much of the proceeds from sales are re-directed to such worthy causes,
The dance has just begun
Tara Coomaraswamy traces the steps of Anandavalli,
a Lankan Bharatha Natyam exponent, now domiciled in Australia
The legendary dancer Ram Gopal described her as
a “young dance phenomenon”. Professor P. Sambamoorthy,
one of the highest authorities on Indian music and dance, said she
had been “born with bells on her feet”. She had her
Arangetram at the age of just nine, and by the time she was twelve
had danced in Paris, and toured Germany and the UK.
Although it is a few years since Anandavalli has
performed in Sri Lanka, many in her native country will remember
seeing her dance. Now settled in Sydney, she has forged a new career
as a choreographer and artistic director and is making a significant
contribution to the arts in Australia.
Anandavalli was a child prodigy, whose talent
was spotted early by her mother, Linga Satchitananda, daughter of
the redoubtable Professor C. Suntheralingam, polymath and politician.
Anandavalli began dance training at the age of seven under Neela
Satyalingam. She was soon travelling regularly to Madras where she
trained in Bharatha Natyam and Kuchipudi under such eminent gurus
as Adyar K.Lakshmanan, Vazhuvor Ramaiya Pillai, Vempati Chinna Satyam,
Vazhuvor R.Samarraj and Udupi Laxminarayan.
After living and performing abroad for many years,
and despite being offered British citizenship in 1974, Anandavalli
returned to Sri Lanka to live, but after the traumatic events of
July 1983, she and her family left to settle in Australia. She continued
her international career as a dancer, performing in a range of countries,
from Singapore and the Philippines to India, Pakistan and the UK.
She has performed in all the major cities of Australia, including
at prestigious venues such as the Seymour Centre and the Sydney
Opera House. At the end of a successful national tour in 1989, she
was honoured on stage after her Sydney performance by being awarded
Australian citizenship in recognition of services to the arts in
She took her first two pupils in 1985 and today
the Lingalayam Dance Academy (named after her mother) has nearly
100 pupils, who take part in sold-out annual productions. Anandavalli
is proud of the fact that no fewer than twelve of her pupils have
committed themselves to the years of arduous training required to
undertake an Arangetram, or solo dance debut. In 1996 she also formed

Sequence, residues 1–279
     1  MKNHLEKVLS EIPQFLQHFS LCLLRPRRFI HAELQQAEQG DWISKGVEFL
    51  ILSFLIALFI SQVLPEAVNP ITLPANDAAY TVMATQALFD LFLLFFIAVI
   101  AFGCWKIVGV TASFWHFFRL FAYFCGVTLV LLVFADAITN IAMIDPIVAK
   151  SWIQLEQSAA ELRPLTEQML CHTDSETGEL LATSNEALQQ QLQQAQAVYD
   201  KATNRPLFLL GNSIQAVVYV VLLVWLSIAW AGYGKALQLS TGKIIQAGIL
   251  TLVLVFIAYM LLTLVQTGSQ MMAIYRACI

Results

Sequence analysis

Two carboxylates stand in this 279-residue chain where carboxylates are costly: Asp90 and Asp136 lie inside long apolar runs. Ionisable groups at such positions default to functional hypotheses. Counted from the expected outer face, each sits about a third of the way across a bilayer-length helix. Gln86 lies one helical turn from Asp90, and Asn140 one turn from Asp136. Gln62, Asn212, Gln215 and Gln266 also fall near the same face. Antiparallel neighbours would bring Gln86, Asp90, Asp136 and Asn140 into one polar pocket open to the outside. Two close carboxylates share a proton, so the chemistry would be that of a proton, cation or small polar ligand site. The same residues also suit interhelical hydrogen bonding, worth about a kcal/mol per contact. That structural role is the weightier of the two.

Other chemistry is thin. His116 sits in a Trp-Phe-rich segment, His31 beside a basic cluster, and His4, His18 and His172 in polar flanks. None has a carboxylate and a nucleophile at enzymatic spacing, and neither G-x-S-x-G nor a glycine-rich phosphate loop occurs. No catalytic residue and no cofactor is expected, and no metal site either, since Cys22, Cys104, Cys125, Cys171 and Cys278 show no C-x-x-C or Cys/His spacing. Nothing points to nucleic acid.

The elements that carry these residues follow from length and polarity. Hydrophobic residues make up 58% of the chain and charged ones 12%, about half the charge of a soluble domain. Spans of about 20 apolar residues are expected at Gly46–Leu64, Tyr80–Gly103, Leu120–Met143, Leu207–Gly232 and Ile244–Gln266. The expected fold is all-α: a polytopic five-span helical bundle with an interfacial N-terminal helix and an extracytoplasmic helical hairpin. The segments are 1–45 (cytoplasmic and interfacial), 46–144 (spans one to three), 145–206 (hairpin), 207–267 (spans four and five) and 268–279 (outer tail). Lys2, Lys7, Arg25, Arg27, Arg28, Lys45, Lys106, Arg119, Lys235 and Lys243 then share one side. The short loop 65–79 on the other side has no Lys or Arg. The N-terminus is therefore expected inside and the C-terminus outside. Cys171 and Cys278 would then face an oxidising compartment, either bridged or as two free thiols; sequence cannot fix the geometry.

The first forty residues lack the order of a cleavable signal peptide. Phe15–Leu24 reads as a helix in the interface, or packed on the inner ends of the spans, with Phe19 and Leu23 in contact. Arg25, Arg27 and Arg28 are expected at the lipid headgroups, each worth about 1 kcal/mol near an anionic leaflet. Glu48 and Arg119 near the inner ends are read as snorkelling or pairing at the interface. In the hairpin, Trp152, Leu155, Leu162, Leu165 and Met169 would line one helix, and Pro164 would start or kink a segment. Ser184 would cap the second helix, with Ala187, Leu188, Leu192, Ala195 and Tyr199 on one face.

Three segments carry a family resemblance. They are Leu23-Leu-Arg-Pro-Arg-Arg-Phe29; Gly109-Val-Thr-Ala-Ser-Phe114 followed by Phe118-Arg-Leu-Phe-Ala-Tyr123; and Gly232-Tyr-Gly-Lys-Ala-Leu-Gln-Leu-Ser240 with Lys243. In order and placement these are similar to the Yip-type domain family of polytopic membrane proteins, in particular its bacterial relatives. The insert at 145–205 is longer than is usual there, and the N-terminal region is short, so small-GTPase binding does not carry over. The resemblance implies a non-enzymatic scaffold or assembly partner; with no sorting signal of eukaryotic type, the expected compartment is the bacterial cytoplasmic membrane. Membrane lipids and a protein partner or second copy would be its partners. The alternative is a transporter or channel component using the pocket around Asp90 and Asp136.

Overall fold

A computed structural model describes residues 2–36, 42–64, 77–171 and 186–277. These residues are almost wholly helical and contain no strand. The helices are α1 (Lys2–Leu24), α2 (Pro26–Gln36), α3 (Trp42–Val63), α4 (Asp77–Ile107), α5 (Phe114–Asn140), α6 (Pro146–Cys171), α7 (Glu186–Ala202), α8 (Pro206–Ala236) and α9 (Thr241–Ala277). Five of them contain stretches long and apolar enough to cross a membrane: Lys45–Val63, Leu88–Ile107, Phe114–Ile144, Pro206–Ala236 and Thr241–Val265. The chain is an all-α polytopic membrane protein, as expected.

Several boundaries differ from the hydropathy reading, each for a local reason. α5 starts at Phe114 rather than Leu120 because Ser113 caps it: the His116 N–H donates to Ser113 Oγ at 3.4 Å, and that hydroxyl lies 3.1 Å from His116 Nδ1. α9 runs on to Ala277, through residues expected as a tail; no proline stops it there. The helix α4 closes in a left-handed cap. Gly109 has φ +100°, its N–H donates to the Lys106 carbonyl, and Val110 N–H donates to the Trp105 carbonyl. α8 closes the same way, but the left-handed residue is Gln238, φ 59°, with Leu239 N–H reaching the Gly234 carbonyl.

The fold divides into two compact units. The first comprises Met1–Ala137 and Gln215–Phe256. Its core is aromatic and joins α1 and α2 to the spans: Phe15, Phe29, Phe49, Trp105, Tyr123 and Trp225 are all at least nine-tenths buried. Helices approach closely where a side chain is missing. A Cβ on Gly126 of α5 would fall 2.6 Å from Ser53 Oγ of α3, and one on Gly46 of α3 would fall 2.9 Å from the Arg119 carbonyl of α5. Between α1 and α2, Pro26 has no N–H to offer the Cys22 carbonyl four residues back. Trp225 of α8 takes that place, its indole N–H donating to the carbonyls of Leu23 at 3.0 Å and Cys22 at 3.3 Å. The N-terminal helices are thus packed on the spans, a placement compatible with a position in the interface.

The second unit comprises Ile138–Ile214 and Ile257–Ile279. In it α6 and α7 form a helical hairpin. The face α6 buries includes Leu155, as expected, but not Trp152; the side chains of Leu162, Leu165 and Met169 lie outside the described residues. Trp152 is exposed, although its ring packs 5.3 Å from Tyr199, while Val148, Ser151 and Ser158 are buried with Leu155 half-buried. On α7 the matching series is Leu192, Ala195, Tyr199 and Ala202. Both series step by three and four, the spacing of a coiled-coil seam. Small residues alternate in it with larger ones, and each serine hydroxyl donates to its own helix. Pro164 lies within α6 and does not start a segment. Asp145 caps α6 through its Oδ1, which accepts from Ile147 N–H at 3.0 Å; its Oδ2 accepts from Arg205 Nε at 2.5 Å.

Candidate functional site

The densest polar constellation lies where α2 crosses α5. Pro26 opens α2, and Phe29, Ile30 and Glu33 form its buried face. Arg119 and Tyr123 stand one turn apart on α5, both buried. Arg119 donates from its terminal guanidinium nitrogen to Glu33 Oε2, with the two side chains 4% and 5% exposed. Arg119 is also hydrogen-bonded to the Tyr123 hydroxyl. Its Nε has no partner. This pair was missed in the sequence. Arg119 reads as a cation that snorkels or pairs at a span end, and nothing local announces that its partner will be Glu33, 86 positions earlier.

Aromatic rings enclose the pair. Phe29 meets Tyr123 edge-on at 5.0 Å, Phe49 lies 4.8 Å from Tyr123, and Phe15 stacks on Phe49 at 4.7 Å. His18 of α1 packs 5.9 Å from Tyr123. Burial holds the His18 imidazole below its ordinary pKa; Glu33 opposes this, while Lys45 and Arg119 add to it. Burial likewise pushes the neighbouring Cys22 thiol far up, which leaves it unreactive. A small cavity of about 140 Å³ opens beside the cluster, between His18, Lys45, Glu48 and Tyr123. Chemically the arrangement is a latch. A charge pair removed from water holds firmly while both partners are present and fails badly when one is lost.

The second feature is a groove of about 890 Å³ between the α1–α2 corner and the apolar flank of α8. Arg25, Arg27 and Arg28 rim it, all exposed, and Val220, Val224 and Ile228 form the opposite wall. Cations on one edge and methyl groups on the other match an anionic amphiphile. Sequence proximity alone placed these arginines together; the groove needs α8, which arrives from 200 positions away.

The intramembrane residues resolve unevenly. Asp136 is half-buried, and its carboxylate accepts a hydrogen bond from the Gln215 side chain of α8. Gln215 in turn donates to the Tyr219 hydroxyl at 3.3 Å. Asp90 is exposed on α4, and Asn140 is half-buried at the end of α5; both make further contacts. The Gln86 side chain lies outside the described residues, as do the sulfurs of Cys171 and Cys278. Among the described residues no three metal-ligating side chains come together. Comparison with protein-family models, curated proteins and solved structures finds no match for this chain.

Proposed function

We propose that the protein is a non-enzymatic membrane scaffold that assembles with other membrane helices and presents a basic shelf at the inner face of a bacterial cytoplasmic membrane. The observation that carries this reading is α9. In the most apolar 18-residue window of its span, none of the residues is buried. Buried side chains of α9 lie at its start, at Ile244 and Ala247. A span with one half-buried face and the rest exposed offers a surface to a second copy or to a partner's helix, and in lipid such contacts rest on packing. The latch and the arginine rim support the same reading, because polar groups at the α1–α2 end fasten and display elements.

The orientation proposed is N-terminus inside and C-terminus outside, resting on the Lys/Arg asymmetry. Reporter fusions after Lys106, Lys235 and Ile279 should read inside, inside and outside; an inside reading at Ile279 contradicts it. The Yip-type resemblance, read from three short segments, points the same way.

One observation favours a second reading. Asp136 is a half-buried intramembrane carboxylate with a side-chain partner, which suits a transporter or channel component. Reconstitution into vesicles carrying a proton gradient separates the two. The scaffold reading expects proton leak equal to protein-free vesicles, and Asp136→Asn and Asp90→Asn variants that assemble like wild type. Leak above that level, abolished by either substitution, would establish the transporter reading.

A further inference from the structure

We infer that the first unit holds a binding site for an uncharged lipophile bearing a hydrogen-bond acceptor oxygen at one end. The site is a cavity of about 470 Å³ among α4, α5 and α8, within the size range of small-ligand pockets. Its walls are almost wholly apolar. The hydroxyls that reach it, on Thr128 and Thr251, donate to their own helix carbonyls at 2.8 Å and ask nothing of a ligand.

the Lingalayam Dance Company (LDC) around a core of graduates from
her dance academy – mainly Sri Lankans and Indians but also,
remarkably, some Australians. The LDC has put on a series of exciting
and innovative productions and in under ten years has established
itself as one of the major ethnic dance companies in Australia,
with support from the New South Wales Ministry for the Arts.
In 2002 the Dance Board of the Australian Council
for the Arts awarded Anandavalli a Fellowship (granted only once
in an artiste’s lifetime) to undertake advanced research into
dance. In India, in addition to deepening her choreographic skills,
she trained in a new Kuchipudi repertoire, had formal training in
Carnatic music and also researched ancient scripts, music and the
Indian epics. Back in Australia, she undertook an apprenticeship
under one of Australia’s foremost experts in lighting design.
Despite hanging up her shoes - or “bells”!
- in December 2003, Anandavalli has been reborn as a choreographer-cum-artistic
director. The majority of Dance Academy and Company productions
are her creations. Interestingly, most of the LDC productions since
1999 have dealt with feminist themes. Anandavalli has taken traditional
Hindu mythological stories and either developed hitherto unexplored
aspects of them, or re-interpreted them for contemporary audiences
so that their force as allegories of the human – particularly
female – condition becomes more poignant. The LDC’s
fascinating dance-dramas include “The Temple Dancer”
and “The Courtesan’s Daughter” – which tell
of how female dancers in the temple, all originally “brides
of Siva”, Lord of the Dance, traditionally evolved into entertainers
through royal patronage. “Serpent Woman” is the story
of a woman who, in her desperation to have children, mates with
a serpent – with horrific consequences for the twin girls